I really recommend spending some time browsing the We Are The 99 Percent Tumblr, which is just a great moving literary triumph in a new medium that speaks to some of the really critical issues of our time. Personally, I found it interesting how frequently student loan debt comes up in the narratives.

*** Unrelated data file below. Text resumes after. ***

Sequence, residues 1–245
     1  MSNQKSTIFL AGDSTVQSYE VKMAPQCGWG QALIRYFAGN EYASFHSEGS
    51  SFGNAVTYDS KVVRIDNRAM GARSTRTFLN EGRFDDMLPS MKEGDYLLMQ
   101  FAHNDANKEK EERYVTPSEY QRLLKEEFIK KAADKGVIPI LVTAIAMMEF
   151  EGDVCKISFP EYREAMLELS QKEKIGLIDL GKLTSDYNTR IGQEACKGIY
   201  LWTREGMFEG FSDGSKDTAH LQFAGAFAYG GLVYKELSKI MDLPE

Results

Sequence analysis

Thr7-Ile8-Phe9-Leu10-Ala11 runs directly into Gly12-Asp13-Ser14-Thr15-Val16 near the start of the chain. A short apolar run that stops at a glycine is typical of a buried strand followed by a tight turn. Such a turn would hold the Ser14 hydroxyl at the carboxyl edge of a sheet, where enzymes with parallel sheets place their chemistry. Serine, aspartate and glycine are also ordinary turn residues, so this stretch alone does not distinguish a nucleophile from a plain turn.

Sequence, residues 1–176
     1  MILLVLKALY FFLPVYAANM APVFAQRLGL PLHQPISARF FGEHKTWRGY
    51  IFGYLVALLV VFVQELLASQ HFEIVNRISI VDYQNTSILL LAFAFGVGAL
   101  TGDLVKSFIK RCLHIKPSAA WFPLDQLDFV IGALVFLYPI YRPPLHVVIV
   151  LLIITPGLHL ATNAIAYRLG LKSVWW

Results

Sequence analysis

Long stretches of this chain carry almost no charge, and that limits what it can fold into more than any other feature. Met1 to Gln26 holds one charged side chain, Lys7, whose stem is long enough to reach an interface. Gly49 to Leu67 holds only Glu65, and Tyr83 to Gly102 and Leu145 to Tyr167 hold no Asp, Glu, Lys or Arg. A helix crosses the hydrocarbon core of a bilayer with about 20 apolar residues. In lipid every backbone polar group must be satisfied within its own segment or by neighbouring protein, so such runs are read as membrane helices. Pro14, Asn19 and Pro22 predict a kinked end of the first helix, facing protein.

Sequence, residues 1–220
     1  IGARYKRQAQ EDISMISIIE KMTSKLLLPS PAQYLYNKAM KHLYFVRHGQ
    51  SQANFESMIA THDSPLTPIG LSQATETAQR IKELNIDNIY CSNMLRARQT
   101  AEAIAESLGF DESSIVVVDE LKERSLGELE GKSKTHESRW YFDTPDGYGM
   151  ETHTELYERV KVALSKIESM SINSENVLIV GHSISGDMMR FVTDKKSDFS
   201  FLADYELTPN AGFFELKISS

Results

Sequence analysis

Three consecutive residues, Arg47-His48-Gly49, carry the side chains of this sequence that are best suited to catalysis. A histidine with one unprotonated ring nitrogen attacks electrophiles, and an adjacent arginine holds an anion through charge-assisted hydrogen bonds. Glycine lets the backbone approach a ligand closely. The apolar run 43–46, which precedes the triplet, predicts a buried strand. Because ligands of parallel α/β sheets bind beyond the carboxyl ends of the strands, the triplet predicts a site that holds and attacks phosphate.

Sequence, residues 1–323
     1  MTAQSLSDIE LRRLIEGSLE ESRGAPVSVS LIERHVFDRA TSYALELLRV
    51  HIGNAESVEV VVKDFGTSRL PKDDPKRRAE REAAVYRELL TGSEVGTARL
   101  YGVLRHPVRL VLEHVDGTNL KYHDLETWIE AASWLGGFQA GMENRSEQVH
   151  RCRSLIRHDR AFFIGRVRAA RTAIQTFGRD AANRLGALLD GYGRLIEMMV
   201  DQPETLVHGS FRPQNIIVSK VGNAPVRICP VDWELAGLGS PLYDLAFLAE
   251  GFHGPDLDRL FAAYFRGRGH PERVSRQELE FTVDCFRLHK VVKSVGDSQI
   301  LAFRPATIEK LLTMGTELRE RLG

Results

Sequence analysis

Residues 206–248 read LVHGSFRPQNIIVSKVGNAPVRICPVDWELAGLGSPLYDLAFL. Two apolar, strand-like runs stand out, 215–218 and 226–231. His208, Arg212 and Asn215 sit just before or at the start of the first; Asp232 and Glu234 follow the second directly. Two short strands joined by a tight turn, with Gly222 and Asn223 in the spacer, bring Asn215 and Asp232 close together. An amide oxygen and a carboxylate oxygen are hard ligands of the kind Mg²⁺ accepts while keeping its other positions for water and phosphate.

Clearly the “graduates from college but can’t find a job that makes these loans worthwhile” demographic is not representative of the country as a whole (~70 percent of Americans don’t have bachelor’s degrees), but it’s an important and growing segment of the population and one whose anger and experiences cuts at the heart of some major narratives about American life. What’s interesting about this, to me, is that while for now this particular complaint is being lumped in with the general Occupy Wall Street message, it seems like the more natural outlet for this particular grievance will ultimately be the universities themselves. After all, while a poor economy is exacerbating the problems with the higher education system, the fact that many degree-granting programs are offering students a poor value-proposition is fundamentally the fault of the universities and not “corporate greed.” Indeed, in a lot of ways, it highlights the limits of some of these anti-corporate frames. It turns out that some powerful and privileged folks who are screwing people over run law schools or crappy no-value-added master’s programs rather than having anything to do with the formally for-profit sector.